Finally fed up with being homeless and seeing bums dying while sleeping with trash bags for blankets, Tim opts for going back to gay casting director Lou, who gives him a complete queer-eye-for-the-straight-guy makeover, including a new wardrobe, accent, and, most importantly, new pompous prick attitude, but it comes at the cost of his rampant heterosexuality and unique urban cowboy persona. Indeed, Tim sells his soul to sodomy and almost instantly becomes a cultivated cocksucker and hit cabaret performer, who even dresses in drag from time to time, after becoming Lou's slavish lover. While at a tryout session for a club gig, Tim bumps into his ex-girlfriend Sue and her boyfriend Tim, who is playing with his band and demonstrates his undeniably unique talent by farting into a microphone. While Lou is ostensibly his boyfriend/mentor/sugar daddy, Tim begins a romance with a fellow cabaret performer named Belinda Maloney (Zoë Lund), who he previously met when she was working incognito as a high dollar hooker and who is married to a rather wealthy fellow named Pat Maloney (Chuck Perley). Of course, although he gives her three orgasms a sex session, Belinda has ulterior motives for fucking Tim as she wants to use him to kill her hubby, but little does she realize that husband Pat has also hired him for his own ends. While Tim does ostensibly murder Pat by shooting him in front of Belinda, the man is really not dead as the whole thing is part of an elaborate charade to fool the femme fatale. Among other things, Pat is really a Soviet spy and he is in cahoots with the CIA. As a Yiddish spy named ‘Spitz’ (who is really Pat in disguise) tells Belinda regarding Pat, he is apparently, “the most honorable and brilliant Russian spy to ever set foot in this country. Unlike the Reagan administration, he has never been caught in his multiple and varied secret deals. As a matter of fact, he just completed his final assignment with the willing collaboration of the pentagon. Thanks to him, the Kremlin now possesses the ultra Star Wars secret plans.” Eventually, Tim is arrested for the dubious murder of his lady lover by a sleazy Policeman (Robert DiTillio), who has been spying on the lapsed Cowboy's affair with Belinda and has secretly recorded everything they have done together, that is working with Pat (the two do a secret chant, “Until victory or destruction, with secret devotion, the world will be ours.”), but luckily lover boy Lou comes to his rescue while in drag and demands while pointing a gun at the corrupt cop, “I want you to set my baby free.” In the end, Tim gets out of prison and goes to Paris with his ex-girlfriend Sue and Lou as strikingly attractive ménage a trios. To go back to Spengler regarding the sort of person it takes to survive in NYC (a common theme throughout the entire film): “In place of a world, there is a city, a point, in which the whole life of broad regions is collecting while the rest dries up. In place of a type-true people, born of and grown on the soil, there is a new sort of nomad, cohering unstably in fluid masses, the parasitical city dweller, traditionless, utterly matter-of-fact, religionless, clever, unfruitful, deeply contemptuous of the countryman and especially that highest form of countryman, the country gentleman.”
Undoubtedly, aside from the absurdly underrated Belgian-Dutch-French coproduction Mascara (1987) directed by Patrick Conrad and starring Charlotte Rampling, which is like a Werner Schroeter film meets a Hollyweird murder mystery, Exquisite Corpses is one of the most ambitious attempts at mixing camp with film noir genre clichés. Apparently, auteur Temístocles López was such a queen on the set of the film that star Zoë Lund described him as, “an impossible director.” Ultimately, Exquisite Corpses seems like a sick sodomite fantasy covered in grotesque glitter and glam as a work where a manly cowboy is converted to homosexuality out of desperation, the femme fatale who steals a man from a man is murdered, and a flagrantly faggy fellow becomes the main hero in the end. A sardonically playful piece where characters are more like intentionally shallow stereotypes/crude archetypes than actual individuals with real emotions and the CIA is portrayed as an even more innately evil entity than the KBG, Temístocles' film is certainly a work that was sown in deep, if not obscured, hatred, but it is also inconspicuously sprinkled with sod sugar on top so as to make it more palatable for so-called ‘heteronormative’ people. Of course, Temístocles failed in that regard as Exquisite Corpses is far too campy, convoluted, and just downright debauched to appeal to the tastes of the typical Hollywood-lobotomized automaton, hence why the film is all but totally unknown today, except among diehard Zoë Lund fans. The most audacious reworking of George Bernard Shaw’s Pygmalion (1912) since Radley Metzger’s porn chic hardcore flick The Opening of Misty Beethoven (1976) starring Constance Money and Jamie Gillis as a camp-ridden black comedy musical farce where a conservative cowboy is inexplicably transformed into a charming and cultured avant-garde cabaret artist virtually overnight, Exquisite Corpses is nothing, if not a piece of patently perverse postmodernism that actually manages to rise above pretense and puffery, as it buries its eclectic source influences under a playfully putrid pile of eccentricity and pageantry. Like the films of kraut queer auteur filmmakers like Rosa von Praunheim (i.e. Tally Brown, New York, Überleben in New York aka Survival in New York), Walter Bockmayer (i.e. Flammende Herzen aka Flaming Hearts), and Monika Treut (i.e. My Father is Coming), Exquisite Corpses features a romanticized outsider’s depiction of the rotten Big Apple that lingers between heaven and hell in terms of its various subcultures and (non)mores. With that being said, one must also note that the film is more effective in capturing the essence of NYC than virtually any of the films associated with the so-called Cinema of Transgression and related film movements, even though it employs camp and satire in a patently preposterous fashion. Indeed, Exquisite Corpses features a sort of sometimes nefarious neo-Weimar microcosm where sexual and monetary deceit is the name of the game, thus making the film like the Cabaret of obscure NYC cult flicks, albeit infinitely more outrageous, if not nonsensical, not to mention the fact that Zoë Lund gives what is arguably the most mystifying performance of her short but nonetheless notable acting career. That being said, Exquisite Corpses is mandatory viewing for any self-respecting camp connoisseur and/or Lundphile.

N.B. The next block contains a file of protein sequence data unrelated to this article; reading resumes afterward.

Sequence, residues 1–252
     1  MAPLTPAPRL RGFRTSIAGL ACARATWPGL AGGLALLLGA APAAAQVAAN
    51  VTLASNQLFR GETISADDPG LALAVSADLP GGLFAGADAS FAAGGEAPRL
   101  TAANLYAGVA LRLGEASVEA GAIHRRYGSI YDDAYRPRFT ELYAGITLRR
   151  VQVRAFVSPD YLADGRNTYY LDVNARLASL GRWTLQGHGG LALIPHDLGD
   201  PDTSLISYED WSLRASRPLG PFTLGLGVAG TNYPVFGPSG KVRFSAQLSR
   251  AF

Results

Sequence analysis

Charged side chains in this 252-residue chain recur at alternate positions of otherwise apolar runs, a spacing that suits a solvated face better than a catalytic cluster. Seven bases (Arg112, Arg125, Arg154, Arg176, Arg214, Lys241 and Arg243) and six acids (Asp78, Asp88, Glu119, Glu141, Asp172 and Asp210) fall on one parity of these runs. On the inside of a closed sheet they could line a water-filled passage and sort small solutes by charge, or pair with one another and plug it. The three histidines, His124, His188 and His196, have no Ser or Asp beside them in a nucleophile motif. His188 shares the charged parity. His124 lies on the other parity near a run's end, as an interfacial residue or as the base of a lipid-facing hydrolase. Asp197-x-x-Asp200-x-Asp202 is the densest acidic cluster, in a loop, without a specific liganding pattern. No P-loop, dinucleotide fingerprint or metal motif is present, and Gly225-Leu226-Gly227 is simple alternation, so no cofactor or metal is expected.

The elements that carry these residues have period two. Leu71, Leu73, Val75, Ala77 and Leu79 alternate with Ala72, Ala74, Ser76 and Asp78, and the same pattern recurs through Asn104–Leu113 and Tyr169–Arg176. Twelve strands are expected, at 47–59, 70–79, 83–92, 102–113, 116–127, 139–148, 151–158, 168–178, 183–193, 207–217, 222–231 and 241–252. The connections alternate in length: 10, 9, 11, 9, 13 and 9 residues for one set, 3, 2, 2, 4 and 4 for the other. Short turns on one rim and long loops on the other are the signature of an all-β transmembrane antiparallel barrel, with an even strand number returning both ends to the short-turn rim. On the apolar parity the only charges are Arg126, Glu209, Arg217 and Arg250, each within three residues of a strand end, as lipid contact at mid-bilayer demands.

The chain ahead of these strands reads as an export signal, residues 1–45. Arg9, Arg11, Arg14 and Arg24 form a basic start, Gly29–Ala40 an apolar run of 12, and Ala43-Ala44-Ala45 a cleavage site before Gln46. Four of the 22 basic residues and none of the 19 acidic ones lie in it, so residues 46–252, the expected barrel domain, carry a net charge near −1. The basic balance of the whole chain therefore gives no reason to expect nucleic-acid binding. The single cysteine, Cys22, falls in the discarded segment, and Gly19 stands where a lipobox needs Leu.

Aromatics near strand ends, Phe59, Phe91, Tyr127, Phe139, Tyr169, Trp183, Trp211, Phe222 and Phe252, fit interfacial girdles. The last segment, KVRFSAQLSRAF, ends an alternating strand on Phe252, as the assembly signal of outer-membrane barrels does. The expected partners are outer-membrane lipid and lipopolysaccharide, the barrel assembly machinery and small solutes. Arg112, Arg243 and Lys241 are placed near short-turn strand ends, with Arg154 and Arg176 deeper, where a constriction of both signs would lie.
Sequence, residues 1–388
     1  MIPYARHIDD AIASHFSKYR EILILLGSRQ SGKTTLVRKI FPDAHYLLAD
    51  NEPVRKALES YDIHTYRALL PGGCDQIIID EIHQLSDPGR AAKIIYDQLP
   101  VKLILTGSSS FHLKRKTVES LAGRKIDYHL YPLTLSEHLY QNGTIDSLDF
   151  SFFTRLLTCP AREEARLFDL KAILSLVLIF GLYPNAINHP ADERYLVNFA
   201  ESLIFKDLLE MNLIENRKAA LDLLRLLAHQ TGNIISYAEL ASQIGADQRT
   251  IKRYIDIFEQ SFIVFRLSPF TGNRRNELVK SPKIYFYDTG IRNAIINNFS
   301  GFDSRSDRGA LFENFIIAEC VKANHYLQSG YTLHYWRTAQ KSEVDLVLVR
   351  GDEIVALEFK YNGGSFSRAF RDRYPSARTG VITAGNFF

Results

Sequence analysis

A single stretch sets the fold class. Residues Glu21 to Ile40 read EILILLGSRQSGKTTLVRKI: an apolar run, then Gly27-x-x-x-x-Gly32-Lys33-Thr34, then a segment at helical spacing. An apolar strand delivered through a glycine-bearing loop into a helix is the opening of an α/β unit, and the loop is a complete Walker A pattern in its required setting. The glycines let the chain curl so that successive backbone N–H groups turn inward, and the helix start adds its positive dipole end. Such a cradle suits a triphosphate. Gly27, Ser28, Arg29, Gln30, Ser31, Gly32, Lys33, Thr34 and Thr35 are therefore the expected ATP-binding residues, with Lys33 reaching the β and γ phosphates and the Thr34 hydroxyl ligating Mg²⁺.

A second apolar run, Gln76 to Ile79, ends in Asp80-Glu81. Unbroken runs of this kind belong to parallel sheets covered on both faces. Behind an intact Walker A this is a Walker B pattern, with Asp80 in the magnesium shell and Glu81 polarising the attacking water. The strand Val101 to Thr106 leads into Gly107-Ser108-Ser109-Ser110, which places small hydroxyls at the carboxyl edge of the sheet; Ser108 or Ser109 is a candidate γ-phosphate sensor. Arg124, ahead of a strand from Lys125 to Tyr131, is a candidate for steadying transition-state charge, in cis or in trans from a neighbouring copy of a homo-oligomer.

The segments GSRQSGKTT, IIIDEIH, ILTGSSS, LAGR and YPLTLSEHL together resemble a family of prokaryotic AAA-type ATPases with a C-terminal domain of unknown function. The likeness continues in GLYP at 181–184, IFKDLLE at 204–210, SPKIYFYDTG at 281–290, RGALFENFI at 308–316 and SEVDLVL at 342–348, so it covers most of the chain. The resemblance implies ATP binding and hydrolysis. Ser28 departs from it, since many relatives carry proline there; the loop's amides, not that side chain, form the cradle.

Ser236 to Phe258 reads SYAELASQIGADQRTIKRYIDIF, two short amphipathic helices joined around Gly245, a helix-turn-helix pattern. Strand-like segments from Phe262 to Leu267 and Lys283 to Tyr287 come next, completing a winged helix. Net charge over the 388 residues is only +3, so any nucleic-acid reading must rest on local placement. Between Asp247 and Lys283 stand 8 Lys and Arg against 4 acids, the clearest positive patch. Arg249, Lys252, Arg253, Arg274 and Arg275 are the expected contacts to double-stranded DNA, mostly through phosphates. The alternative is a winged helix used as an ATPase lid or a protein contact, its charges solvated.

Posted by Soiled Sinema at 11:21 PM